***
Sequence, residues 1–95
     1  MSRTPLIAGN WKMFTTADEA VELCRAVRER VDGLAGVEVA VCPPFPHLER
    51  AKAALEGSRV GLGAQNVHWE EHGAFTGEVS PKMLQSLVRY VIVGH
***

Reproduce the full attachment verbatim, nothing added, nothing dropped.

Sequence, residues 1–95
     1  MSRTPLIAGN WKMFTTADEA VELCRAVRER VDGLAGVEVA VCPPFPHLER
    51  AKAALEGSRV GLGAQNVHWE EHGAFTGEVS PKMLQSLVRY VIVGH